# Asymptotic behavior of the heat equation with homogeneous Dirichlet boundary condition

Let $\Omega$ be a bounded domain in $\mathbb{R}^n$ with smooth boundary $\partial\Omega$. Consider the following initial-boundary value problem for the heat equation:

It is mentioned in one book that the solution $u(x,t)\rightarrow0$ as $t\rightarrow\infty$.
The method I can think of to prove this is the energy method by letting $H[u](t)=\frac{1}{2}\,\int_{\Omega}u^2(x,t)\,dx$. However, this method seems does not work. I can only show that $\int_{\Omega}u^2(x,t)\,dx\rightarrow0$ as $t\rightarrow\infty$ by using integration by parts and the Poincare inequality. How could I obtain the desired result? Some hints, please.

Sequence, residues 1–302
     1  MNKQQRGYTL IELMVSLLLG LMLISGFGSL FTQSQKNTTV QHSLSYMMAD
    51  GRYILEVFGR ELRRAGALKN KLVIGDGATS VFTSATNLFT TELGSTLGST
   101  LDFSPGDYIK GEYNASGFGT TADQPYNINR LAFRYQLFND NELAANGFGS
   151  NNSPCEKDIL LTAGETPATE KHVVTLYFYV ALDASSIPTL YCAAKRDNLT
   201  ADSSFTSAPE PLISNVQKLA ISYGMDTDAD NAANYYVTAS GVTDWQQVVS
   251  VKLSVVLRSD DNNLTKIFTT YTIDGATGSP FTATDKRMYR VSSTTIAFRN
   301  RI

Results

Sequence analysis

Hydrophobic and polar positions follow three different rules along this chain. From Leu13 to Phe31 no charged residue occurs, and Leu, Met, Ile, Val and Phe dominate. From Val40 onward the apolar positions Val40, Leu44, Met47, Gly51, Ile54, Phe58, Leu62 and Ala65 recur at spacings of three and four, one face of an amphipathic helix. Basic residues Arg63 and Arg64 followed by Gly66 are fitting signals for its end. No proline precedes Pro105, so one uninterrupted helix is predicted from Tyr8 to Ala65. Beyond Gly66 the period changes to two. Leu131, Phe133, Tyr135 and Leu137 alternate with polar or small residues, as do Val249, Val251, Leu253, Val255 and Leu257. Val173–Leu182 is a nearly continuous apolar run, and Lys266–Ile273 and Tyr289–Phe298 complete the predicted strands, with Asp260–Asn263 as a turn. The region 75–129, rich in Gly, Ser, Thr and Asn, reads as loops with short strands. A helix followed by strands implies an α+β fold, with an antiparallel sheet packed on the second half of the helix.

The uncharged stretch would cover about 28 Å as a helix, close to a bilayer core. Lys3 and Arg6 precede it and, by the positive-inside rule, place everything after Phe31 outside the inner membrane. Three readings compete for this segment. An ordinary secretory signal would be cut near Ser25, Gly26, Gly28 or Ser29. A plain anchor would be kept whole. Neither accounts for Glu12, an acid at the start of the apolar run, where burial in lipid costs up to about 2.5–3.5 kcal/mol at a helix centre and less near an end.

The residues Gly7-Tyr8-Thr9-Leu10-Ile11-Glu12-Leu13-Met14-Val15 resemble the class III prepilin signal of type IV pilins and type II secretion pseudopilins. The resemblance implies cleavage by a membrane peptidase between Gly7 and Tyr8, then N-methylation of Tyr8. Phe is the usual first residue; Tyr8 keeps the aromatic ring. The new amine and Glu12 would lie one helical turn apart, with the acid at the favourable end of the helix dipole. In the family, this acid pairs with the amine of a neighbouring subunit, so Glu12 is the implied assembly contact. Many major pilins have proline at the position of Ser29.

• I've never come across the notation $u_{xx}$ for $\Delta u$ before (except of course for $n=1$). – joriki Oct 9 '15 at 6:10
• @joriki $u_{xx}$ refers to $\frac{\partial ^2 u }{ \partial x^2}$ – Nizar Oct 9 '15 at 6:45
• @Nizar: That doesn't make sense in $\mathbb R^n$ for $n\gt1$. – joriki Oct 9 '15 at 8:11
In the present case $\Delta$ as an operator acting in $L^{2}(\Omega ,d% \mathbf{x})$ has non-positive discrete spectrum. Thus% \begin{equation*} \Delta =\sum_{n}\lambda _{n}|v_{n}><v_{n}|=\sum_{n}\lambda _{n}(.,v_{n})v_{n} \end{equation*} where the $\lambda _{n}$ are the non-positive eigenvalues and the $v_{n}$ the associated eigenfunctions. As far as I remember $0$ is not an eigenvalue in the Dirichlet case. But then all eigenvalues are negative. Now \begin{equation*} u(t)=\exp [\Delta t]u(0)=\sum_{n}\exp [\lambda _{n}t](u(0),v_{n})v_{n}% \overset{t\rightarrow \infty }{\rightarrow }0 \end{equation*}